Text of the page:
What is Absolute Standard Deviation?
There isn’t a clear definition for the term “absolute standard deviation.” You might sometimes see in a text book, lab notes, lecture notes, or some other in-class materials; the author is usually referring the traditional standard deviation. However, it might also refer to error propagation, relative standard deviation, or the absolute deviation.
Read your text or notes and try to figure out which of these the author is talking about. If it’s in lab notes, lecture notes, or some other in-class materials, then ask your instructor to clarify the term.
These brief definitions might make it clear which term your book/paper is actually talking about. Click on the italicized link at the end of each definition for more information about the term, and how to calculate each term.
- Standard deviation: Standard deviation is a measure of how much your data is spread out. The formula to calculate it by hand is cumbersome, but possible if you follow the directions step-by-step. See: How to calculate the standard deviation.
- Error propagation: Error propagation (sometimes called propagation of uncertainty) happens when you use uncertain measurements to calculate something else. For example, you might use length to find area. “Propagation” is when these errors grow much more quickly than the sum of the individual errors. Several formulas exist to take calculate these errors. See: Formulas for Error Propagation (Propagation of Uncertainty).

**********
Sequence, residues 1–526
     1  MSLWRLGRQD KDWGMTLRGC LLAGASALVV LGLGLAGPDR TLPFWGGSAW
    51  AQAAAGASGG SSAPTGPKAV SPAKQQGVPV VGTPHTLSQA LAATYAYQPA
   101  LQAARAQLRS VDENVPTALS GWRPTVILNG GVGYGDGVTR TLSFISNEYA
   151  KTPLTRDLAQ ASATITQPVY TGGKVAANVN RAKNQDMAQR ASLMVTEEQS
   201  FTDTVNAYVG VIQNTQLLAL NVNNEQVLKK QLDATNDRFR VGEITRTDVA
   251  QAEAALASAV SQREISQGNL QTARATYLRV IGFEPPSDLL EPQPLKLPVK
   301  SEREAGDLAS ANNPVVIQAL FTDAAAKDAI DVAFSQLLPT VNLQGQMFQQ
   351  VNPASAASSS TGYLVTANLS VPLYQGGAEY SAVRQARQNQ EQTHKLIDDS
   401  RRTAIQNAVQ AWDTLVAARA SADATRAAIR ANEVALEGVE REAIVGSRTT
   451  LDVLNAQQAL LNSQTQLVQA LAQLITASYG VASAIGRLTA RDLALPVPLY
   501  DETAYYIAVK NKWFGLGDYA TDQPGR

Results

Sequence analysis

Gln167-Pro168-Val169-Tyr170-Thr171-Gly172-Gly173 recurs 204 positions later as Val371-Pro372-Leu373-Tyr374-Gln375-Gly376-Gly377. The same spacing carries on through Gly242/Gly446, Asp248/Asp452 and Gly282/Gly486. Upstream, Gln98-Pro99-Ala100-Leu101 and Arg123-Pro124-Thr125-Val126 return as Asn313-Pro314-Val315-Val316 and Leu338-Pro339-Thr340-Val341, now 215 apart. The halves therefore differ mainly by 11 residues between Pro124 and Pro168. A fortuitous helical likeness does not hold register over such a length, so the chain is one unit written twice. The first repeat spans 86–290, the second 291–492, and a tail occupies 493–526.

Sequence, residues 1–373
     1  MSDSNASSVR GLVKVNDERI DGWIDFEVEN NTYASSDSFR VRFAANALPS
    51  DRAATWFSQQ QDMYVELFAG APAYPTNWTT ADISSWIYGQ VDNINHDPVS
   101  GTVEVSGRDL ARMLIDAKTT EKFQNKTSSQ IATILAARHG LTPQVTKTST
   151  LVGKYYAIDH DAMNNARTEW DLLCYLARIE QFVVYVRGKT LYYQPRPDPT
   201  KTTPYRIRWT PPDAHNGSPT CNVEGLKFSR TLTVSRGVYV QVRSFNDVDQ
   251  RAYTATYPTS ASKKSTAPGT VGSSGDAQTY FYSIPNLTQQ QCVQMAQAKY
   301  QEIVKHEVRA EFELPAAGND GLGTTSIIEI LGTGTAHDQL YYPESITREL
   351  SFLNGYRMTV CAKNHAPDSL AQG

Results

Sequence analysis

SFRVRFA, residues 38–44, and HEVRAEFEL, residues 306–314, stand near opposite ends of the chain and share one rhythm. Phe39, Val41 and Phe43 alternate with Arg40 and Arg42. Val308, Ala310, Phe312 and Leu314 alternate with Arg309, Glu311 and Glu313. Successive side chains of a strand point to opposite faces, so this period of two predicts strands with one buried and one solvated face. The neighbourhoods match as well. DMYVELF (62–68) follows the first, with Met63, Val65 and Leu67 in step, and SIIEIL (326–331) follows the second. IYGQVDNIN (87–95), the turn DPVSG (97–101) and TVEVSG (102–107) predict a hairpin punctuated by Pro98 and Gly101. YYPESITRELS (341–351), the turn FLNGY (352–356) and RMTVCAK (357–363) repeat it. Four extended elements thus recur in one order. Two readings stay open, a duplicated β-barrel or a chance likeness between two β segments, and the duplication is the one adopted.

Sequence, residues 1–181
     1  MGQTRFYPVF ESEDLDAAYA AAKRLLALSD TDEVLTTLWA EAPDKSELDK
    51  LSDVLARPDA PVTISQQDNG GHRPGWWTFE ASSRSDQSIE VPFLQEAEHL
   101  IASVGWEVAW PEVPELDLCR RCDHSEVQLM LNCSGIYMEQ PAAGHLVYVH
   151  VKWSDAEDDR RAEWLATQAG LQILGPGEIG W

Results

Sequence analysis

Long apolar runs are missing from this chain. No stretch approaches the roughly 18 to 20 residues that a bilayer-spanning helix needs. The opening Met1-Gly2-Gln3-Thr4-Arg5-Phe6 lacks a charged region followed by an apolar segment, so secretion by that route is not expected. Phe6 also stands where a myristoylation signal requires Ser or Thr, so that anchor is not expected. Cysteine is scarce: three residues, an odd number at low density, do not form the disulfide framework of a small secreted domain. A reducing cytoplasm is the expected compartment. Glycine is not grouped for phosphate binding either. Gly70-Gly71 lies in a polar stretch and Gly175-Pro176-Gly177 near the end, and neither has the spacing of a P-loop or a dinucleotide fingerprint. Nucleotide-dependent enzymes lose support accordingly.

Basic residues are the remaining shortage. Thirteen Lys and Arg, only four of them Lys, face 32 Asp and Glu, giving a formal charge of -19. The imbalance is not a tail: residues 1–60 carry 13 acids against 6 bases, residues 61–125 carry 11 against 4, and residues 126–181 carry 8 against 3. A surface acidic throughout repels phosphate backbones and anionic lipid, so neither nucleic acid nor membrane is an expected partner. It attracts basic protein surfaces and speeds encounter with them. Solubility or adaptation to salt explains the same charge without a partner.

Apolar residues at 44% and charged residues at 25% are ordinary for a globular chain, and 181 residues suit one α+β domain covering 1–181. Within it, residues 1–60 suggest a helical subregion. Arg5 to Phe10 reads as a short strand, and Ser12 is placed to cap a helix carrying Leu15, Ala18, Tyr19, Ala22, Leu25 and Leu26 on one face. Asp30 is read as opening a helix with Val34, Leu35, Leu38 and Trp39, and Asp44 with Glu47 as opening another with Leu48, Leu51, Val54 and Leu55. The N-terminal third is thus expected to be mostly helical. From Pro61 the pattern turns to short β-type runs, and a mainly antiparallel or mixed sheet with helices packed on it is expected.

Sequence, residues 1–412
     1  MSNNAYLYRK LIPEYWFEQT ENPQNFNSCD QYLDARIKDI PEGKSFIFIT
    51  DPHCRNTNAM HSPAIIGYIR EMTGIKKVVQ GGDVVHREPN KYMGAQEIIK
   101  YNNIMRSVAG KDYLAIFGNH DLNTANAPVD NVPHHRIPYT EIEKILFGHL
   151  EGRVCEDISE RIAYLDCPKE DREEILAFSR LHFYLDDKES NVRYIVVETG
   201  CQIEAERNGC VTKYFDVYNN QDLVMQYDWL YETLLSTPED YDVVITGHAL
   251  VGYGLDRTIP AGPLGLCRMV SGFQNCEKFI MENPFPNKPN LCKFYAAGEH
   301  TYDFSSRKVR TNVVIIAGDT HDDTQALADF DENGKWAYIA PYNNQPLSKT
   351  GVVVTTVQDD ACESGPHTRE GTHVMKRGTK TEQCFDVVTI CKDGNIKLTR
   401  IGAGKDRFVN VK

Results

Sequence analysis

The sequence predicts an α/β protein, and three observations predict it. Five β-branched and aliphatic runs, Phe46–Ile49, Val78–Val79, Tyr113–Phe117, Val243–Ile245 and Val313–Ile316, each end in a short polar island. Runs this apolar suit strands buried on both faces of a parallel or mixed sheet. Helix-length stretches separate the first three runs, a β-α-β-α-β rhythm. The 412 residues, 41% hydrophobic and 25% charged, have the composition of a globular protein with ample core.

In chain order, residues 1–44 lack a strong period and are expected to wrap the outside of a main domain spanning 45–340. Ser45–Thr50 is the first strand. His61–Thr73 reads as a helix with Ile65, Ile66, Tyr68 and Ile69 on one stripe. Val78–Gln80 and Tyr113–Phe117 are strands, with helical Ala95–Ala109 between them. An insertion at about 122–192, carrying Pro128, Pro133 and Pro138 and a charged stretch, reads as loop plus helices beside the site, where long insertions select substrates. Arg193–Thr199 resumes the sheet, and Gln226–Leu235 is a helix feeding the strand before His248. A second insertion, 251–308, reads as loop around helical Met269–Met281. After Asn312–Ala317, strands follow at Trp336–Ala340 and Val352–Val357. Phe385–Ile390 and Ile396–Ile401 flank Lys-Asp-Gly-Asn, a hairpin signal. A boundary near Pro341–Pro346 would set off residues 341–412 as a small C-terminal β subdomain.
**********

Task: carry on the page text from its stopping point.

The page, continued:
- Relative standard deviation: The RSD is a special form of the standard deviation. It tells you whether the “regular” std dev is a small or large quantity when compared to the mean for the data set. It’s reported as a positive percentage. See: What is the relative standard deviation?
- Absolute deviation: the distance between each value in the data set and that data set’s mean or median. See: Average Deviation (Average Absolute Deviation)
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